A rough-and-ready way of assessing the rate at which silicic magmatic activity has varied through time is to separate out grains of zircon that have accumulated in sedimentary rocks of different ages. Zircon is readily datable using the U-Pb method, if you have access to mass spectrometry. While some of the zircons will date from much older continental crust that was exposed while the sediments originated, sometimes there are grains that formed only a few million years before the sediments accumulated. Those are likely to have crystallized from silica-rich volcanic rocks above subduction zones where ocean-floor has been driven beneath continental crust; i.e. at continental volcanic arcs. Such young zircons therefore help assess the tectonic conditions close to sedimentary basins. The potential of detrital zircon geochronology was first suggested to me by Dr M.V.N. Murthy of the Geological Survey of India in 1978, long before anyone could aspire to mass zircon dating. M.V.N. had by then amassed kilograms of zircon grains from every imaginable source in India, and may have been the first geologist to realise their potential. It has become a lot quicker and cheaper in the last two decades, thanks to methods of dating single zircon grains both precisely and accurately and M.V.N.’s prescient suggestion has been borne out globally.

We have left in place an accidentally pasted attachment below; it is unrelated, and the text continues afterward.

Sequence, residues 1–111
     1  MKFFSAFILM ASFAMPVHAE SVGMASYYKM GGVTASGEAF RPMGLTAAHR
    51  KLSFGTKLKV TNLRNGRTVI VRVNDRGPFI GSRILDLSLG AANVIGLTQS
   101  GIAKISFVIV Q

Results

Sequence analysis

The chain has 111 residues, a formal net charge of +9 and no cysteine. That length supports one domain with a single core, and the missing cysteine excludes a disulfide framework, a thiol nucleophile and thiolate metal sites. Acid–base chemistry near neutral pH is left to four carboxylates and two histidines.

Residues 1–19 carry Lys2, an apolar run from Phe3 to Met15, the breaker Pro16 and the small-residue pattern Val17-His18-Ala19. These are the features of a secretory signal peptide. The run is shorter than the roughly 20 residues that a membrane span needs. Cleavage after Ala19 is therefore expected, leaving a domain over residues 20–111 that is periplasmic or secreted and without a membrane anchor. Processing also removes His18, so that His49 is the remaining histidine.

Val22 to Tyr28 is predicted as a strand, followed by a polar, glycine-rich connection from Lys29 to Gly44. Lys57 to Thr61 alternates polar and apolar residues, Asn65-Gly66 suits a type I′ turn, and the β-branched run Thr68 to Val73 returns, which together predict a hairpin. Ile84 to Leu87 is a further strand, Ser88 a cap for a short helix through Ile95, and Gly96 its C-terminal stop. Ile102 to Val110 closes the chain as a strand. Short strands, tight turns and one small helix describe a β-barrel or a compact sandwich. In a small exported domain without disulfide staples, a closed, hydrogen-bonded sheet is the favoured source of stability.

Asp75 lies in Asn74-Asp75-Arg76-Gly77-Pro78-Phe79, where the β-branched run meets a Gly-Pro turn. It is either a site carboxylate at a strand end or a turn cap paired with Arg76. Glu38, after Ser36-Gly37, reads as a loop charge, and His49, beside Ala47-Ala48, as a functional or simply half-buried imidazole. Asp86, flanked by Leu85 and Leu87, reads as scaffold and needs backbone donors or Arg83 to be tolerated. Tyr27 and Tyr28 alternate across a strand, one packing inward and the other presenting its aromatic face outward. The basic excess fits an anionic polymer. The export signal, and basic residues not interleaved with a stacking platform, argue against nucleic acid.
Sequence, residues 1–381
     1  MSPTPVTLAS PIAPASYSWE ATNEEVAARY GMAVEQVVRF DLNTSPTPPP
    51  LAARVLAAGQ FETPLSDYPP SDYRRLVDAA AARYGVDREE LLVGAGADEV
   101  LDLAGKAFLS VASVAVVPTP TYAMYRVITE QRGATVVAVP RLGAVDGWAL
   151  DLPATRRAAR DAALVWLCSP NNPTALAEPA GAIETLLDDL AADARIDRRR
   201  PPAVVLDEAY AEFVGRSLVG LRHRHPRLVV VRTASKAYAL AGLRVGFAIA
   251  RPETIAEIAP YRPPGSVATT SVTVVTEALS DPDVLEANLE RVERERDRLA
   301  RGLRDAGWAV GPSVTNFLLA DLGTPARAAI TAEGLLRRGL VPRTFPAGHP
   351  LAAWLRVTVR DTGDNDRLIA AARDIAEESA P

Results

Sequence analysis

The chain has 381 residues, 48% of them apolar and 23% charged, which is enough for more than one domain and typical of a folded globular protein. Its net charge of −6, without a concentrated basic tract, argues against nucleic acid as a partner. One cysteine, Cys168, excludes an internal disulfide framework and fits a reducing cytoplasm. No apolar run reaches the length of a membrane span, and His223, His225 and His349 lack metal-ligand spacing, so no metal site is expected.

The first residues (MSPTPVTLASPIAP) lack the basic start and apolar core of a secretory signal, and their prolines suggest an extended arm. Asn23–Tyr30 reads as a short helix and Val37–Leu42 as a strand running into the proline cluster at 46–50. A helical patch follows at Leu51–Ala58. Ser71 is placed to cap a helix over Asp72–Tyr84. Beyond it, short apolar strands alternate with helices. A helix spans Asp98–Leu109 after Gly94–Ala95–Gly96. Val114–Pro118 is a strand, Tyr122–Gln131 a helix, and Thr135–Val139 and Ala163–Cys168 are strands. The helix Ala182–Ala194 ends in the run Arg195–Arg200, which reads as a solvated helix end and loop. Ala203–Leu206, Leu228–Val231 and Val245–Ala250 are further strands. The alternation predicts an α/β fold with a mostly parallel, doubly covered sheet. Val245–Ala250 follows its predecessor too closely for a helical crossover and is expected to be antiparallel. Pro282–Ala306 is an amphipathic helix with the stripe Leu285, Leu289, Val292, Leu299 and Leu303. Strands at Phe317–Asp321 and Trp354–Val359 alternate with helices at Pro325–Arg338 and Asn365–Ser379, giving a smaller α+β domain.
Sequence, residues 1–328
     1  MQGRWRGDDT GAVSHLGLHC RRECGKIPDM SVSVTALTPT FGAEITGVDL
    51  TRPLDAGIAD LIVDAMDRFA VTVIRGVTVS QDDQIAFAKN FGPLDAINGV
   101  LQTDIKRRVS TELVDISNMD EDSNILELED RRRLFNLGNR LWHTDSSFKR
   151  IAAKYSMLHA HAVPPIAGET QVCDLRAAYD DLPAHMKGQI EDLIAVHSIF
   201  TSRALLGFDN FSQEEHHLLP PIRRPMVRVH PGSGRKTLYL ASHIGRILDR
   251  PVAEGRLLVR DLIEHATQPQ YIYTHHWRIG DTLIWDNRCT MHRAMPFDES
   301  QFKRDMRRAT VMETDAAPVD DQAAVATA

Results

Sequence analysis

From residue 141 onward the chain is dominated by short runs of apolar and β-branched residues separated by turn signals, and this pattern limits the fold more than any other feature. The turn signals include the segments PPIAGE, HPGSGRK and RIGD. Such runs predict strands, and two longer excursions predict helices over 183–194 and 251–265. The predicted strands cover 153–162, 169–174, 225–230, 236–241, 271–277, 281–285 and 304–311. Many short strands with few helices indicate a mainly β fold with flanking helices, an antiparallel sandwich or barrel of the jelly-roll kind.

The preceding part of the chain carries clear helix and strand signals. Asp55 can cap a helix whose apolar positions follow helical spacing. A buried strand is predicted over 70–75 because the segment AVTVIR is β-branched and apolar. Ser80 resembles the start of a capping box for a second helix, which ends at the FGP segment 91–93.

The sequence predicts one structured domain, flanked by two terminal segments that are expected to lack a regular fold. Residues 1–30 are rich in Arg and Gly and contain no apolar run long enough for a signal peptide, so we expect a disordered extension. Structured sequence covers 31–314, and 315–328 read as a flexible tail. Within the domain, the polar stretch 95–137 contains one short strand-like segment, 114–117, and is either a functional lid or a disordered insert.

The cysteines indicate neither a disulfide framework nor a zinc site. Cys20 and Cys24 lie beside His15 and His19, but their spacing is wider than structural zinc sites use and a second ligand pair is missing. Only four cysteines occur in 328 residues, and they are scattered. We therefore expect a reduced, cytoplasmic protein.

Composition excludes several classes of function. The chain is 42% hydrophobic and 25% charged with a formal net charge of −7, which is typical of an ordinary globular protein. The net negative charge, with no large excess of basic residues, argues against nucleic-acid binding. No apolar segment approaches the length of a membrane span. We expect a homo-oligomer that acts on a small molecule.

Optical microscope photograph; the length of t...
A detrital zircon grain about 0.25 mm long. (Photo credit: Wikipedia)